First, some background...
My last pregnancy was a twin pregnancy. While I was delighted to be pregnant and both surprised and excited by the concept of twins (fraternal b/g twins, conceived naturally), my pregnancy was "high risk" and monitored to death. I had a regular OB and a perinatologist (a high risk OB). I had sonogram after sonogram. I had so many internals I can't count. At just 27 weeks I went into preterm labor and landed on full bedrest with a terbutaline infusion pump, home monitoring, the whole 9 yards. I bounced in and out of the hospital several times thinking I was about to deliver 28 weekers... 29 weekers... 29.5 weekers. It was a nightmare. Finally at 31 weeks, I was contracting way over my threshold, and was admitted to the hospital where I was put on magnesium sulfate and given steroids to speed the twins' lung development. I gave birth 2 days later... exactly 2 months before my due date. Dd was born naturally - no drugs or interventions - but ds turned transverse and was threatening to become a footling breech, so he came out via cesarean section. Yes, I had both a vaginal and a c-sec delivery on the same day. Well during that c-section, there were major complications. It lasted 3 hours and involved the continuous support of a General Surgeon, because I had severe adhesions from a prior abdominal surgery. My OB knicked my lower intestine upon entering, and said he was within a hair of transecting it completely, because it had adhered to the old incision (also a bikini incision). My twins were in the NICU a month. It was a nightmare as anyone can imagine. But they were healthy and breathed on their own, and basically just needed to get big enough and able to hold their temperatures to come home. They came home from the hospital equivalent to 35 weeks gestation. Breastfeeding was impossible at first - I worked daily with an LC who specialized with preemies, but even then I had to feed them EBM bottles until they were around 3 months old. We never got to cosleep because they had apnea and bradycardia from severe reflux, and were discharged on apnea monitors. Dh and I would roll over onto the leads and the things would scream and scare all four of us awake (and probably our neighbors too). So they slept like llittle papooses next to each other in a crib right across the hall. We never did CIO but we didn't get to cosleep either.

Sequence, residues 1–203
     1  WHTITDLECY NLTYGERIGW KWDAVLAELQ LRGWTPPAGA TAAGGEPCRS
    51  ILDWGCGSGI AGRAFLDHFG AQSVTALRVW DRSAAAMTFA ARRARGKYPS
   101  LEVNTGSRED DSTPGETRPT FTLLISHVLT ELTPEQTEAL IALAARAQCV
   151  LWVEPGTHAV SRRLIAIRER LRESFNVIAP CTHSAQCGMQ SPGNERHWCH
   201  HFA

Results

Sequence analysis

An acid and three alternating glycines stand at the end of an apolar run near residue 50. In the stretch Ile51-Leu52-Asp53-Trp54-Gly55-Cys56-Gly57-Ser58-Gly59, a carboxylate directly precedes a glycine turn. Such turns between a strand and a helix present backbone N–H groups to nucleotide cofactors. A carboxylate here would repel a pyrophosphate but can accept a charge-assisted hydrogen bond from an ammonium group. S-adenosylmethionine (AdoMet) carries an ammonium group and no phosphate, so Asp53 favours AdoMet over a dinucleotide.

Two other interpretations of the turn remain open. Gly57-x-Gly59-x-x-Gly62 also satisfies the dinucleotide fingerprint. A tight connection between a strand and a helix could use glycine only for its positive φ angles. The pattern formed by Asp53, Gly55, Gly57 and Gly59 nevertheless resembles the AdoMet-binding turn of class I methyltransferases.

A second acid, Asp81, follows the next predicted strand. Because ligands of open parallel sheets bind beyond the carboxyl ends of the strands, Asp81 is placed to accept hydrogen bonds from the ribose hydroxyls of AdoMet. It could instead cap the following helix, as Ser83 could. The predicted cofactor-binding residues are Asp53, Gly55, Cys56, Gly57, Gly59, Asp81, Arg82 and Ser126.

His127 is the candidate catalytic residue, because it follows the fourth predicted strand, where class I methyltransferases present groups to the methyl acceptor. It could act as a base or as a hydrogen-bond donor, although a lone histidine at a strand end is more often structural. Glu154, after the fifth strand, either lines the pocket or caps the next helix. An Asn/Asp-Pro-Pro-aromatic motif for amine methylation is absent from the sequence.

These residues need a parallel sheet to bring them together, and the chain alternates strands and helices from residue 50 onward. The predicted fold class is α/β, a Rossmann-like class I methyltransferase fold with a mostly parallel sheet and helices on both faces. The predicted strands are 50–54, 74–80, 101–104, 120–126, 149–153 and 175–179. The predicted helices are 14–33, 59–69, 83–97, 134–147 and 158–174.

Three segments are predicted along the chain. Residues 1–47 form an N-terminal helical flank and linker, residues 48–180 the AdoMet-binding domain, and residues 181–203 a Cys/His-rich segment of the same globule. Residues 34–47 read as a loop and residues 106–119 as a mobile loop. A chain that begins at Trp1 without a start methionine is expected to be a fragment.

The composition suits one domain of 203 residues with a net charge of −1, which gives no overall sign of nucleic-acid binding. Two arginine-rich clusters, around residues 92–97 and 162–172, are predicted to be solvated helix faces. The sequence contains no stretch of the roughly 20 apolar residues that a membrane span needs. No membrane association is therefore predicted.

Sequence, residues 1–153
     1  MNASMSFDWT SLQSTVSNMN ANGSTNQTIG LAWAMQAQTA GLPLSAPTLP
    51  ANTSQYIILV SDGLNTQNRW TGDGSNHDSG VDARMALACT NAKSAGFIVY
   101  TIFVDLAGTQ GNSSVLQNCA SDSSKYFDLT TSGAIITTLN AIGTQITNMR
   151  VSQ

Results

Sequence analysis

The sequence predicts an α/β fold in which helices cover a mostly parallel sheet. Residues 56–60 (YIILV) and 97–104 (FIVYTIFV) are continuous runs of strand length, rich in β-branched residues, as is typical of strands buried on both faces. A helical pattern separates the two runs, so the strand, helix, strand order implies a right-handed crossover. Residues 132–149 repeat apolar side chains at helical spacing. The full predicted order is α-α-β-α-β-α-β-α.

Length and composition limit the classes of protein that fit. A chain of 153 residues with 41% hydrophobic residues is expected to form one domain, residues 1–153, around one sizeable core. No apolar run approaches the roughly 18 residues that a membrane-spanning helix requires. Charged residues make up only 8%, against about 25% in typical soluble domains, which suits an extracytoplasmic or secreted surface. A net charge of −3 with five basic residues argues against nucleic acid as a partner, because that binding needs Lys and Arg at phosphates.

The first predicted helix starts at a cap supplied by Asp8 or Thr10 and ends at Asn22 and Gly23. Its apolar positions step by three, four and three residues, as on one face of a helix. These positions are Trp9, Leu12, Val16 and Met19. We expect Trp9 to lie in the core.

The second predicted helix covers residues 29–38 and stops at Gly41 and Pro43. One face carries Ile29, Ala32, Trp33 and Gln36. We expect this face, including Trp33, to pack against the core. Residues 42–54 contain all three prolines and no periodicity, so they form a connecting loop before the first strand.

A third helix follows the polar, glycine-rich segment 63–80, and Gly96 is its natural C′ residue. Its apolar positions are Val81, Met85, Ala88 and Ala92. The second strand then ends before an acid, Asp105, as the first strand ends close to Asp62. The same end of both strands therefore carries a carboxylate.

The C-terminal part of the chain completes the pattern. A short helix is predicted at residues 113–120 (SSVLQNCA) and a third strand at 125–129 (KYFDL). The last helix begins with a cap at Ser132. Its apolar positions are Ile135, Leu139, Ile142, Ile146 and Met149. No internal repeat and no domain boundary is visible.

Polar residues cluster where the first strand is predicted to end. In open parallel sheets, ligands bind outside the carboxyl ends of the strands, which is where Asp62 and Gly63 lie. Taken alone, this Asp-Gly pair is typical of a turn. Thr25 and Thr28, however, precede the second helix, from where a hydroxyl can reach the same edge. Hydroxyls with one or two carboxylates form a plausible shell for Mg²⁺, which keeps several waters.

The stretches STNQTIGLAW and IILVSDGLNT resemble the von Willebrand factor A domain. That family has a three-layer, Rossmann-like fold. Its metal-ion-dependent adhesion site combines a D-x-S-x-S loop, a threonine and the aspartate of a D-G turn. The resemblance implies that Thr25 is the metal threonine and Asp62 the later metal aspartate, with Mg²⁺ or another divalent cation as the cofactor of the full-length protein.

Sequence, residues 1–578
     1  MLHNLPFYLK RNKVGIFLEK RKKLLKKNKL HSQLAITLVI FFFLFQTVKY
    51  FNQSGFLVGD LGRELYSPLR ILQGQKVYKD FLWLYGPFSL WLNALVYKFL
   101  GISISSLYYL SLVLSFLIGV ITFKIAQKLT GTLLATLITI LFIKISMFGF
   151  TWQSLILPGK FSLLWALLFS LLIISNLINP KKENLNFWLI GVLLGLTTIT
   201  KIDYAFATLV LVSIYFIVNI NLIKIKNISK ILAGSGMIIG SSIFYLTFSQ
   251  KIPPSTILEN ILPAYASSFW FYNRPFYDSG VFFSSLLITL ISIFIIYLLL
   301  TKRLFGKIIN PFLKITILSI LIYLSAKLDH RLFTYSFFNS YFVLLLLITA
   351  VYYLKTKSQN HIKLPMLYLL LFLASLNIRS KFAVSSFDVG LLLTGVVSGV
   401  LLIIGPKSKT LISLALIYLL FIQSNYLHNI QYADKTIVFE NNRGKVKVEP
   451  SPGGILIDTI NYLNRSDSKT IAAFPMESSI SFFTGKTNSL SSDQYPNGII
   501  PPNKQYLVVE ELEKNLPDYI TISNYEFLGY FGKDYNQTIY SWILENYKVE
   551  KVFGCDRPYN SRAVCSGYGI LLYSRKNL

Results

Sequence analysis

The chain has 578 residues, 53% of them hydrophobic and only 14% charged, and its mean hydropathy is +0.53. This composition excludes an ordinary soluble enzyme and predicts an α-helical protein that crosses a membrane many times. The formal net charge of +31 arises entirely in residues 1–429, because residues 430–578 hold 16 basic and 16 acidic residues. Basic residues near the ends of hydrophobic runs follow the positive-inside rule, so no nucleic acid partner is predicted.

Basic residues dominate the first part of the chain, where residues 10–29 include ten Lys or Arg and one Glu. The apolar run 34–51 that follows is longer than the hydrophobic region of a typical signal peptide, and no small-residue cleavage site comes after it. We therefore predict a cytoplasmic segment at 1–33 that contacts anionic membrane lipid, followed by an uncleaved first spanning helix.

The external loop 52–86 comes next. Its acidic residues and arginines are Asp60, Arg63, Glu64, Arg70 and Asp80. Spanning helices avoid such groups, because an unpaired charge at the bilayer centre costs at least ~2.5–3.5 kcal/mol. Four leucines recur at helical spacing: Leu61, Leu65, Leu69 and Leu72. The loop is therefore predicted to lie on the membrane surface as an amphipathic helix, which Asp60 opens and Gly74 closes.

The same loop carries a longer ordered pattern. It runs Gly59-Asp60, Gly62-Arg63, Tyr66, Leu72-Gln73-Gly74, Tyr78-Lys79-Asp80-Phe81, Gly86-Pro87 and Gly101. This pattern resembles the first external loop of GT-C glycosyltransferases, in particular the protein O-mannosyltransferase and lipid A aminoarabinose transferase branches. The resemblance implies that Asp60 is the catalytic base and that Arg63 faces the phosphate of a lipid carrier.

Fast forward to this pregnancy...
When I first found out I was pregnant I was ecstatic. It was a bit of a surprise to be honest - we had planned to start trying mid/late-summer but May '04 was destined to be the month I guess, so we quickly adjusted to the news and were so excited we forgot we hadn't actually intended to conceive until a couple of months later. I held my breath during a quickie 7-week sono to rule-out twins, since the chance of conceiving twins again was high. Dh and I both breathed a huge sigh of relief when it was "just one". By detailed charting, I knew the due date was Valentine's Day 2005.